On 9/5 I had a rhytidectomy. I do not have an incision under my chin, they are in front and behind my ears, and in my scalp. The doc said he did create a "sling". He said he did some lipo suction in my neck and face via those incisions. I have developed some scar tissue under my neck. Today he injected me for the 2nd time with dilute steroid & chemo. I also had some ultra sound. Will this lumpiness and swelling go away? I am worried because my profile looks the same as it did pre surgery.Thanks
Scar Tissue Forming After Rhytidectomy? (photo)
Doctor Answers (4)
3 Months after Neck Lift - Scar Tissue
At 3 months, the scar is still hard and will only soften with time. Massage and steroid injection may help with this.
Scar tissue after facelift
Thank you for your question and for the photos. Excessive scar tissue can form after a face or neck lift. This can occur regardless of the technique used, including liposuction. While there are many treatments, the best is time.
Over time, the scar tissue will remodel and soften. The massage will speed this process. After several months, you can re-evaluate your neck and see if you are happy with the contour and the condition of the scar. Your plastic surgeon will guide you through this and help you along the way.
Hang in there.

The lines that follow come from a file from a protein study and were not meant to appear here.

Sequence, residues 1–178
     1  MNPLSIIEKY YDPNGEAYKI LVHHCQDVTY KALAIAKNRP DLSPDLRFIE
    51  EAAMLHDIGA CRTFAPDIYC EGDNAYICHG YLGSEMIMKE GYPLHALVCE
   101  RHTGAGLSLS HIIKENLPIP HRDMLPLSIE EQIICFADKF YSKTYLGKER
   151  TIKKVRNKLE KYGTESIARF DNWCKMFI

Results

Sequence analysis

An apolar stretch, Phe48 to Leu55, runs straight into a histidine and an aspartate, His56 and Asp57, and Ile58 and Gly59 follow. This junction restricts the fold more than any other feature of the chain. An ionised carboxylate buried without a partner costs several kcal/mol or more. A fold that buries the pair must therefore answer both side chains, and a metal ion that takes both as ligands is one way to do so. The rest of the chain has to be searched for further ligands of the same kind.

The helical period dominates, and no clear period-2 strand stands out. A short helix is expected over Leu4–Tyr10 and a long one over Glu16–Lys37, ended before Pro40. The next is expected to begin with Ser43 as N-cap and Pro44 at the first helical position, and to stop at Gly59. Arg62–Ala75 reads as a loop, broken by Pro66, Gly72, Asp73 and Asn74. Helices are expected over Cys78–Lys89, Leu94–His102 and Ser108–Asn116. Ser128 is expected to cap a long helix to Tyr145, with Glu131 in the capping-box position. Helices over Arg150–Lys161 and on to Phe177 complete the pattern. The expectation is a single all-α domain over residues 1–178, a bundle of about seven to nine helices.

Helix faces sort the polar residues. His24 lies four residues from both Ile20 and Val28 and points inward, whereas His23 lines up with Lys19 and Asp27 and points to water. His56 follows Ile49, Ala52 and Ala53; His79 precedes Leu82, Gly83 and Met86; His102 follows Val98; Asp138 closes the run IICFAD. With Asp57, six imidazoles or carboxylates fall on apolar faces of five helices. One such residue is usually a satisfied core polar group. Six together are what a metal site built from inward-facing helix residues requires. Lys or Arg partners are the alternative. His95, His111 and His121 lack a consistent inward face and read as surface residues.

Swelling and Lumpiness following a neck lift and rhytidectomy usually goes away
I think your surgeon is treating you appropriately. Deep massage, ultrasound, and even the injections you are receiving may hasten your recovery time. Residual firmness and lumpiness can linger for several months. Skin suppleness also takes a while to return as does scar maturation. I tell my patients it takes up to a year for final resolution of the healing process.
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Lumpiness after facelift.
Lumpiness after facelift can occur infrequently. It will go away with time depending on how it was done and without feeling it it is hard to say.
These answers are for educational purposes and should not be relied upon as a substitute for medical advice you may receive from your physician. If you have a medical emergency, please call 911. These answers do not constitute or initiate a patient/doctor relationship.
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